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The most valuable sports brands in the world have been criticized for their corporate practices, including labor exploitation and child labor

Is it ethical to buy from Nike or Adidas?

Since the 90’s, the debate of labor exploitation and child labor intensified after it was revealed that companies such as Nike and Adidas hired factories that did not meet minimum wage standards or that had children working in their facilities. While these companies have strived to reduce these practices, there is still a long way to achieve responsible production.

These companies and many more tend to hire factories in developing countries, where labor is cheaper and labor laws are more flexible. At the end, this allows lower production costs and if textile market domination is the goal, it becomes a necessary step for these companies. However, at what cost?

Debate Background

In April 2005, Nike was forced to reveal its production chain, which included 700 factories around the world. This happened as a result of the increasing pressure that the company faced due to the criticisms of labor and child exploitation. During this accountability, it was found that there were abuses of workers, physical and verbal, in 4 of the factories that provided them in Asia.

Although in 1992 the company had developed a code of conduct that rejected labor exploitation and had adhered to endless agreements in favor of human rights, in the year 2000, a documentary by the BBC proved that there were several faults to these commitments.

Among what the documentary showed, there were sexual abuses and children working tirelessly, which led Nike and the clothing company GAP to close their factories in Cambodia.

In 2014, at one of the Nike and Adidas production plants in China, it went on strike, after the workers claimed for better wages and social coverage. The Yue Yuen plant, which calls itself the largest footwear production factory in the world, would not pay their workers, owing them up to 3000 dollars of salary.

On the other hand, Adidas is not as transparent as its main competence, since the information of its production chain is not of public domain. In the same scandals that Nike has been criticized, Adidas has been involved, although it is the American company that receives the most criticism.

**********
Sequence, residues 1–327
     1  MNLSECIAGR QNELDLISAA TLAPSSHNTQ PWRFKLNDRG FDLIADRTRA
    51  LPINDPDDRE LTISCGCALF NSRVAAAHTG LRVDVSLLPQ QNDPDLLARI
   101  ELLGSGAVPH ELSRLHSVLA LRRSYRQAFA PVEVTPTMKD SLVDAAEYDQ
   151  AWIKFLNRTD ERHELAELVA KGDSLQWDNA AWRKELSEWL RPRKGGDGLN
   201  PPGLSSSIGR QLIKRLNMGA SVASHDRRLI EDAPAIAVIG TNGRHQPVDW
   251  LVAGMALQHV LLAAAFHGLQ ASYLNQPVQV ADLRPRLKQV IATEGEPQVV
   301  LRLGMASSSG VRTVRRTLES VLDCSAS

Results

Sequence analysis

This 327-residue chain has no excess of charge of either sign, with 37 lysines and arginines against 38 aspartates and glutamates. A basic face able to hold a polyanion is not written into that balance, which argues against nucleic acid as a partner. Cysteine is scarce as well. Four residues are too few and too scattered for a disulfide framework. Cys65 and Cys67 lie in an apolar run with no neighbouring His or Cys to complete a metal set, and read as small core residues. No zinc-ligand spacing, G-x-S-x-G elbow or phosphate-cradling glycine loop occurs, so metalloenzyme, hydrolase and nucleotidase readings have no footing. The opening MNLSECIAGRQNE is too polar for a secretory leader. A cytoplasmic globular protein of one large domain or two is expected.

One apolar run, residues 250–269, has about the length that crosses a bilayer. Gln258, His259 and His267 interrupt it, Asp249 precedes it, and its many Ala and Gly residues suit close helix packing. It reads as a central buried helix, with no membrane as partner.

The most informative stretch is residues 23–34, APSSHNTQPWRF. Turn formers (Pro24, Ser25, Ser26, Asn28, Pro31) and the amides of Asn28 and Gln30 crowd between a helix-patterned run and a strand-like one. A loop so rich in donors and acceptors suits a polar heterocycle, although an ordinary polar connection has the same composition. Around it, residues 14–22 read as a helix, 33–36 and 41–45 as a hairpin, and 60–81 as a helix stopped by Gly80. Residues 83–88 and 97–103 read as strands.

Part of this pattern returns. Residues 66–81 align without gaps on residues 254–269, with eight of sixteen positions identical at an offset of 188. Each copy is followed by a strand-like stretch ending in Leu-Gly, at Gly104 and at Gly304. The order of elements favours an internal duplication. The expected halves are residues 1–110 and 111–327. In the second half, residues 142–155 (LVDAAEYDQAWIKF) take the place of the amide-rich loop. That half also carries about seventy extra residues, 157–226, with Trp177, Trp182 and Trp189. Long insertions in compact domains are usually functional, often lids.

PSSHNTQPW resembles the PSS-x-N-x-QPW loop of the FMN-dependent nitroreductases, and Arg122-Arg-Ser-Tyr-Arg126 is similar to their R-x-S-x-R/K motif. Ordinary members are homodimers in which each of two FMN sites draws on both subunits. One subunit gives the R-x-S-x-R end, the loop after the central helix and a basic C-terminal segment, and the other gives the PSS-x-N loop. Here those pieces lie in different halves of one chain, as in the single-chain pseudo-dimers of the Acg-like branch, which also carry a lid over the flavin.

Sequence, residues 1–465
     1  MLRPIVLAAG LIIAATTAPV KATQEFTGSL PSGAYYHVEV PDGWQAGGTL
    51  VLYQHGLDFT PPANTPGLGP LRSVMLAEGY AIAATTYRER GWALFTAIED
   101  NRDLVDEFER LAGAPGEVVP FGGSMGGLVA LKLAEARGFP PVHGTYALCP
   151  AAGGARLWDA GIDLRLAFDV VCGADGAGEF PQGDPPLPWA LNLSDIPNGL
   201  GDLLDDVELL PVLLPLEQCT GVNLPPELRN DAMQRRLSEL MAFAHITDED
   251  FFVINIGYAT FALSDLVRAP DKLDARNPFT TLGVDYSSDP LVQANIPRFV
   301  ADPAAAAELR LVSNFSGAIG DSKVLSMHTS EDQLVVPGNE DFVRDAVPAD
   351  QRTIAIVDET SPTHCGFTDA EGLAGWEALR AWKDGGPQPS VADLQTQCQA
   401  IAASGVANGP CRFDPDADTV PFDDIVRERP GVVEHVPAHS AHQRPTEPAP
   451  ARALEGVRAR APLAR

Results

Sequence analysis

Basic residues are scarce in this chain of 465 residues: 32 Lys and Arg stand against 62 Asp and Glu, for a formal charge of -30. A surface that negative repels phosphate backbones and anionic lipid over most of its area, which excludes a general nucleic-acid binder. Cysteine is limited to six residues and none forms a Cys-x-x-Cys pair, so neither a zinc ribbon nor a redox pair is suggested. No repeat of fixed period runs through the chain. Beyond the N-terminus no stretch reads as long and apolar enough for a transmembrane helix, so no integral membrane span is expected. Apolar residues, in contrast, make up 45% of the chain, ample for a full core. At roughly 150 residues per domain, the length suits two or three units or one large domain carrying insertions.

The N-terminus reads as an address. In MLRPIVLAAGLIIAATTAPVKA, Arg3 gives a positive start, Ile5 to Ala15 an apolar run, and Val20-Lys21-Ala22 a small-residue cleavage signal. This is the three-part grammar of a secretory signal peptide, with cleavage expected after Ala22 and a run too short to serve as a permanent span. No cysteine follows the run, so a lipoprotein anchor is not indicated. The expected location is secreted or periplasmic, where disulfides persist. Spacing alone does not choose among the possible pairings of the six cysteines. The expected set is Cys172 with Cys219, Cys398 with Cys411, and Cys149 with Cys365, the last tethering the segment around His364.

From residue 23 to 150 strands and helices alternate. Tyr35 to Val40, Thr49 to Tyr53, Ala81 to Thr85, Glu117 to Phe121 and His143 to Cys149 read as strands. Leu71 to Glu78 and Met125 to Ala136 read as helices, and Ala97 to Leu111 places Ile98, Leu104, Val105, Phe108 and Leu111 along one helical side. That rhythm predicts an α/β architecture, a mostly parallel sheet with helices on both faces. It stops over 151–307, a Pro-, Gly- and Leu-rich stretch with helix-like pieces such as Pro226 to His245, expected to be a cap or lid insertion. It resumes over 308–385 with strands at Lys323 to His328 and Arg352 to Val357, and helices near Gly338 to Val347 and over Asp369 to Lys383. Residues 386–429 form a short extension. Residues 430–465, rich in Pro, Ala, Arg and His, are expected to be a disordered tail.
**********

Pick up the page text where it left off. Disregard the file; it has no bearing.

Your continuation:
In 2015, Humans Right Watch made a report of one of the companies that supplies Adidas, located in Cambodia, which forces its workers to work beyond nine o'clock at night. The same report qualifies the working conditions in said factory as "slave owners".

What about now?

Currently, Nike uses 567 factories in 42 countries, employing a little more than 1 million workers in the process. 48% of these are located in China (24%), Vietnam (14%) and Indonesia (6%). Almost two decades passed until the US company approved a transparency plan, that allowed for closer monitoring of its production processes, as well as the reaffirmation of its social and environmental commitment.

Adidas moves in the same line, which seeks to make its production processes more sustainable, based on axes of protection for the environment and its workers. However, information about this plan is still not public. Moreover, the company states that it ensures that all its employees are compensated with salaries, benefits and compensation for their work.

Is it ethical?

The answer to the question is not that simple. While these companies try to be transparent with their production processes, it is clear that the garments produced in Asia are made under unfair conditions for the workers of the factories in addition to the salaries are still low.

It is the responsibility of the consumer to verify that what he/she buys comes from countries with humanitarian working conditions in order to stop contributing to labor exploitation.

In the Colombian case, citizens can be calm when buying the shirt of their national team as it is produced in a factory in Cali (Colombia). Buying local products is not only fighting against labor exploitation, it also means supporting national industries.

 

LatinAmerican Post | Iván Parada Hernández
Copy edited by Marcela Peñaloza

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